Among those on hand were Otto Lange, who fled Austria in the 1930s, going on to teach skiing at Sun Valley before becoming a filmmaker. A little-known fact is that Lange taught skiing to the parents of Stein Ericksen while he was still at St. Anton.

Snowmobiles busted in wilderness

ASPEN, Colo. – The prevailing wisdom among wilderness advocates is that snowmobiles often violate boundaries of wilderness areas but rarely get caught. Indeed, you need not go far to find snowmobile tracks in most wilderness areas.

But on the Memorial Day weekend, three snowmobilers were ticketed for riding their machines in the Hunter-Fryingpan Wilderness east of Aspen. A ranger who happened to be in the area monitoring the backcountry skiing was alerted to what was going on, and he waited for their return. Fines for the violation are $75, notes The Aspen Times (June 4).

Woman second to ski Grand Teton

JACKSON HOLE, Wyo. – On June 4, Carina Osterberg became the second female ever to ski 13,770-foot Grand Teton. Accompanied by her husband and a photographer, she set out at shortly before 2 a.m., summiting 8.5 hours later while the snow remained firm. They descended the Ford and Chevy couloirs to the Stettner Couloir.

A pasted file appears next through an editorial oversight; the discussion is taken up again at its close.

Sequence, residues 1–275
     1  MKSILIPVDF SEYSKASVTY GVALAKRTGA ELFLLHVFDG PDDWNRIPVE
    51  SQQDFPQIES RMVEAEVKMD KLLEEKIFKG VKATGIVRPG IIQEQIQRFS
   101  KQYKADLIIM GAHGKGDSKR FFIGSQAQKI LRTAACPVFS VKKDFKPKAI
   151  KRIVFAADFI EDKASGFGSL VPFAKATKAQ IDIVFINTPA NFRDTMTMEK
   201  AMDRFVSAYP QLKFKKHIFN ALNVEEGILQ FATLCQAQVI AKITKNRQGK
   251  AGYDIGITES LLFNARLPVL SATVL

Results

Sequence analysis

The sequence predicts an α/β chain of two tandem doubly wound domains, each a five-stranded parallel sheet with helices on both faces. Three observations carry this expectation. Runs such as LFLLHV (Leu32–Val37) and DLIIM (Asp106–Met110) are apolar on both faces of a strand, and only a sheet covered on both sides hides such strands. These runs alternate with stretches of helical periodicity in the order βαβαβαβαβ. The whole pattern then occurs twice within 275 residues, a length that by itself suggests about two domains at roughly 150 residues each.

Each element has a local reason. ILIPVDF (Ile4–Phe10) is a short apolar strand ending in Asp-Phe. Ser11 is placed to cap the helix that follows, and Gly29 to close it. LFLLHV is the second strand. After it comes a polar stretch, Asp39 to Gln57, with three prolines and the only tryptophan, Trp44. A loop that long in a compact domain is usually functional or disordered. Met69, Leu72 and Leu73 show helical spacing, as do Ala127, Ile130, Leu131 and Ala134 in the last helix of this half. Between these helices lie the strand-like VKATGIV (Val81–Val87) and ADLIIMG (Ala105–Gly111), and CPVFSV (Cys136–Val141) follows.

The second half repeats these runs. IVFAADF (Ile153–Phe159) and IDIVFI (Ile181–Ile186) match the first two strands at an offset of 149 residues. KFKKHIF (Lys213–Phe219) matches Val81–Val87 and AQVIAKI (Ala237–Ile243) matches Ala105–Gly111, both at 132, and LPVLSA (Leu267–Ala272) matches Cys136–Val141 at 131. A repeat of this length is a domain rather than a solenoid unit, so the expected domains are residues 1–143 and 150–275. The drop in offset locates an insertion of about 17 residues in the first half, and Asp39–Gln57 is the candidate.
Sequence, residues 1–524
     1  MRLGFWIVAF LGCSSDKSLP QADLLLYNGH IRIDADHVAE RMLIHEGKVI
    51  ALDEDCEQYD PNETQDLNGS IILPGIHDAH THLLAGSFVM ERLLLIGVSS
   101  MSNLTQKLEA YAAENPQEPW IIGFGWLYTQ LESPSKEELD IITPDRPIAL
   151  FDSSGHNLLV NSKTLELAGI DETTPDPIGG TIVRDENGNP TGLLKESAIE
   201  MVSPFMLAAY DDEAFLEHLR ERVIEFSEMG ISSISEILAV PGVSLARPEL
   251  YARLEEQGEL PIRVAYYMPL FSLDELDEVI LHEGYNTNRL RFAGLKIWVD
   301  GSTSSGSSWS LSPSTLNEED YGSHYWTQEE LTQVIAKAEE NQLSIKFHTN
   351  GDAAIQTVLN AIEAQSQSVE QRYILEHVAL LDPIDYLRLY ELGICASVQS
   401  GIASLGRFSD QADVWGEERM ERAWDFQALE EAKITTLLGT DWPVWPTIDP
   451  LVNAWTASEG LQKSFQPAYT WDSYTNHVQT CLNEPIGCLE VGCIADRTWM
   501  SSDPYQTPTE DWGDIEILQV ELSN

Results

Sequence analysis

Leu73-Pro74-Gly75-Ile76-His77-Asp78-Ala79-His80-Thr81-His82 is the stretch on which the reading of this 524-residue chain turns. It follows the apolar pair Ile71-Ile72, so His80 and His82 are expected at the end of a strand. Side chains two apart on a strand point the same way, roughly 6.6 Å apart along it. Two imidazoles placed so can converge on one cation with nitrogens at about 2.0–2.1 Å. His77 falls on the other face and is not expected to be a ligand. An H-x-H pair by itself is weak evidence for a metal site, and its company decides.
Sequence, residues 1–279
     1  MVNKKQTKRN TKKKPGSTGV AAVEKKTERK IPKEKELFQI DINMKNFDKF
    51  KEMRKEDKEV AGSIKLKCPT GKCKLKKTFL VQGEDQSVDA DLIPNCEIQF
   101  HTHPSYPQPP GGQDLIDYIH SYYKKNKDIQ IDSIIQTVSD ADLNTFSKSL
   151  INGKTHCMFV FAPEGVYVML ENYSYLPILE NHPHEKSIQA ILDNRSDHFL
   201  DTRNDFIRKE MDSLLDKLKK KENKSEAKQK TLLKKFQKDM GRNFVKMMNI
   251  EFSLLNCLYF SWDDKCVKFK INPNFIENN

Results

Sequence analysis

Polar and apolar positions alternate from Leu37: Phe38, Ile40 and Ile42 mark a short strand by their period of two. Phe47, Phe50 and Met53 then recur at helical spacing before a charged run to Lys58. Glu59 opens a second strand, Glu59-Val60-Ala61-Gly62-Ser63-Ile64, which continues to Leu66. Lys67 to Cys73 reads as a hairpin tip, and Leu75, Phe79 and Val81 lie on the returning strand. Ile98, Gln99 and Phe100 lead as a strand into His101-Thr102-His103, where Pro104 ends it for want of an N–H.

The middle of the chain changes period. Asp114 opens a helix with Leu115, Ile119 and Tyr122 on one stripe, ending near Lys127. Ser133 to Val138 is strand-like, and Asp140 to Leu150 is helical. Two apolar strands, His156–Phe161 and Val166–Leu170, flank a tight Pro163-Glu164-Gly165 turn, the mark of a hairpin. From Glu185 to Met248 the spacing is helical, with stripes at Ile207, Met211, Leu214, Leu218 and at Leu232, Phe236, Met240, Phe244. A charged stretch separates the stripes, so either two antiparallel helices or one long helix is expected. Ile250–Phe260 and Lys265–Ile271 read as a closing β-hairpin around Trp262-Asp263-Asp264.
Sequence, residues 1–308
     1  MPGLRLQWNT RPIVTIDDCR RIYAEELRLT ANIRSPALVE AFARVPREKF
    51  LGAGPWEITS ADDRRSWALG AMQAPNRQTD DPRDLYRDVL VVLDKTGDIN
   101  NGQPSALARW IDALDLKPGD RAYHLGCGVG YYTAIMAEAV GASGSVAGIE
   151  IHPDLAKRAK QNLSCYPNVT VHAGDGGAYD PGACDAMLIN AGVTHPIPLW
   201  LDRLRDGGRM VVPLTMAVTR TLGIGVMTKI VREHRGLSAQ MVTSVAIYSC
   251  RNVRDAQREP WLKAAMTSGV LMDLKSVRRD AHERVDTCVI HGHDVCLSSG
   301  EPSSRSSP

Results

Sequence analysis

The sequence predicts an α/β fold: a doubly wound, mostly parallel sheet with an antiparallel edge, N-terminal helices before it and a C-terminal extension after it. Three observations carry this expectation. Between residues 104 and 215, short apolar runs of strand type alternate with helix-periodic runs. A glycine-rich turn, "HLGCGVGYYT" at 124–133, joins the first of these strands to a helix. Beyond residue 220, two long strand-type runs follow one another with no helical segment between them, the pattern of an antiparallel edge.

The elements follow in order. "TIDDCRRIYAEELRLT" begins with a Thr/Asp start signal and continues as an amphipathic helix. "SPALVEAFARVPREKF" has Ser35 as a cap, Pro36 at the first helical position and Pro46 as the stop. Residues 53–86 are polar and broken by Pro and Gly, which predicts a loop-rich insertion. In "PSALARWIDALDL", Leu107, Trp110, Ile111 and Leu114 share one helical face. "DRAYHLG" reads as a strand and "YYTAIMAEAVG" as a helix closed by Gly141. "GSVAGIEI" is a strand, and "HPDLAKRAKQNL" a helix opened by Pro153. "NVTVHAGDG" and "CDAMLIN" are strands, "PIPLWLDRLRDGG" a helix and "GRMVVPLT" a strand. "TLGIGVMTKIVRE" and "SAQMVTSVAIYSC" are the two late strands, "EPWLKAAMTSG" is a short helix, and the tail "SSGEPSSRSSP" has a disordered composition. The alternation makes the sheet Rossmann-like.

The first woman to ski it was Kristen Ulmer, a professional skier from Salt Lake City. Men ski it often, almost a dozen this year as of early June, notes the Jackson Hole News (June 11).

Ironically, Osterberg is relatively new to alpine skiing. She grew up cross-country skiing in Sweden, and although forced to take alpine lessons, she and her sister thought it was the “dumbest thing in the world.”

Both have since changed their minds.